The U.S. military has killed an al-Shabaab militant it says participated in an attack against American forces that left a U.S. soldier dead and four other Americans wounded.
During an airstrike on April 19, two al-Shabaab militants were killed. One of them was Abdullahi Jibiyow, a mortar team leader responsible for multiple attacks in the Lower Juba River Valley, in southern Somalia, according to U.S. Africa Command.
Jibiyow was also responsible for the attack on June 8, 2018, that killed Army Staff Sgt. Alexander Conrad, Air Force Col. Chris Karns, AFRICOM’s spokesman, told Military Times.
Conrad was assigned to 1st Battalion, 3rd Special Forces Group, out of Fort Bragg, North Carolina, at the time of his death. He had been in the Army since 2010 and served as a human intelligence collector.
Conrad was killed by enemy indirect fire while supporting Operation Octave Shield, according to the Pentagon. Octave Shield is the code name for the mission focused on targeting militant groups in Somalia.
Conrad was part of a contingent of Americans who were providing advice, assistance and aerial surveillance to partner forces when they came under attack from mortars and small-arms fire at about 2:45 p.m. local time in Jubaland, about 220 miles southwest of Mogadishu.
U.S. military activities in Somalia include remote or accompanied advise and assist missions, as well as the building, training and equipping of Somali combat units, such as the Danab advanced infantry brigade.
AFRICOM officials have stated in the past that training and fielding Danab forces is the primary line of effort in country. When necessary, however, the U.S. force is also able to provide kinetic effects.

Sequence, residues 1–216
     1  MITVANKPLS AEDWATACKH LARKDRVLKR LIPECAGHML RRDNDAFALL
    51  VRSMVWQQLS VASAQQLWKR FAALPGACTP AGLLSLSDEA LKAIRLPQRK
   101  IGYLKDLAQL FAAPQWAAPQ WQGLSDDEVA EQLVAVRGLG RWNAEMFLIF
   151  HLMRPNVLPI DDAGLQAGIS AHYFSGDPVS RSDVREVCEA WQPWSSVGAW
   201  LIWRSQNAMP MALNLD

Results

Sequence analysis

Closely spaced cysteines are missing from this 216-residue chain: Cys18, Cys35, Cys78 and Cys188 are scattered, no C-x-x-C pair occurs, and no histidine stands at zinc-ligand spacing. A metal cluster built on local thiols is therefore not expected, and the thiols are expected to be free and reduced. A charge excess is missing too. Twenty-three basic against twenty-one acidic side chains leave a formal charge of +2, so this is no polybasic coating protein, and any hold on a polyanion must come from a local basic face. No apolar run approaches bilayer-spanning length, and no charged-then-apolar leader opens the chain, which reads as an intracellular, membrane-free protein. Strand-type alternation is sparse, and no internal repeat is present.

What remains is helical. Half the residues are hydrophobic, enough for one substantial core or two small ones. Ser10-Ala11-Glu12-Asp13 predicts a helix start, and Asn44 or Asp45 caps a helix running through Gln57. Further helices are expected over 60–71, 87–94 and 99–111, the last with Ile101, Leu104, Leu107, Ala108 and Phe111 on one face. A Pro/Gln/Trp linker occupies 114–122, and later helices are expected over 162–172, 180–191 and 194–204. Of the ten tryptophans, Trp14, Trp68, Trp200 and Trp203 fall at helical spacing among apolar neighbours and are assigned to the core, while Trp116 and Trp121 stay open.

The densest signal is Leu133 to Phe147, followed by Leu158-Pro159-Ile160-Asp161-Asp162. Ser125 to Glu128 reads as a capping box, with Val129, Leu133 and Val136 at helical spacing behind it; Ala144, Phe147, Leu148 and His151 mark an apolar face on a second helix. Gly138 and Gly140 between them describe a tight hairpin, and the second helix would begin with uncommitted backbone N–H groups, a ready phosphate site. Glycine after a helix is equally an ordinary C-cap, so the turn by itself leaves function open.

“The U.S. is supporting our Somali partner efforts to remove al-Shabaab fighters across all levels of the terrorist network,” Karns said. “U.S. Africa Command continues to target various levels of leadership in order to create organizational confusion within al-Shabaab’s ranks.”
“By striking various levels throughout the al-Shabaab network it helps keep them off-balance and provides valuable time and space for the Federal Government of Somalia and Somali forces," Karns added.
AFRICOM has conducted 33 airstrikes in 2019 against al-Shabaab networks, their fighting positions, infrastructure and equipment. An internal review in April found that an airstrike had killed two civilians the year prior. Those are the only civilian casualties that have been verified by AFRICOM, the command says, although human rights groups have brought forward other allegations.
Al-Shabaab has also pledged allegiance to al-Qaida, according to U.S. government analysts.
Airstrikes degrade al-Shabaab’s ability to recruit, train, and plot terror attacks in Somalia and East Africa, which ultimately prevents the group from acting on its more global impulses like targeting Americans and other westerners, Karns said.
The U.S. government is assisting the African Union mission in Somalia, or AMISOM, a regional peacekeeping operation operated by the African Union with United Nations Security Council approval.
“Incremental progress is occurring." Karns said. "Two years ago al-Shabaab maintained a level of freedom of movement that allowed the group to terrorize and displace Somali citizens in the Lower Juba River Valley, which is near Kismayo,”an important Somali port city.
“Today, our Somali and AMISOM partners have pushed the extremist group back up the river valley, establishing multiple combat outposts along the way in order to ensure our partners can hold the territory they have successfully retaken.”
Al-Shabaab still controls roughly 20 percent of Somalia, mostly in its south, where the group has been historically strong. Another militant group aligned with the Islamic State holds sway in northern Somalia’s Puntland region, and to a lesser extent, Mogadishu, according to Karns.
“We assess there are 5,000 to 7,000 al-Shabaab fighters and 150 to 300 ISIS-Somalia fighters located in Somalia,” he said.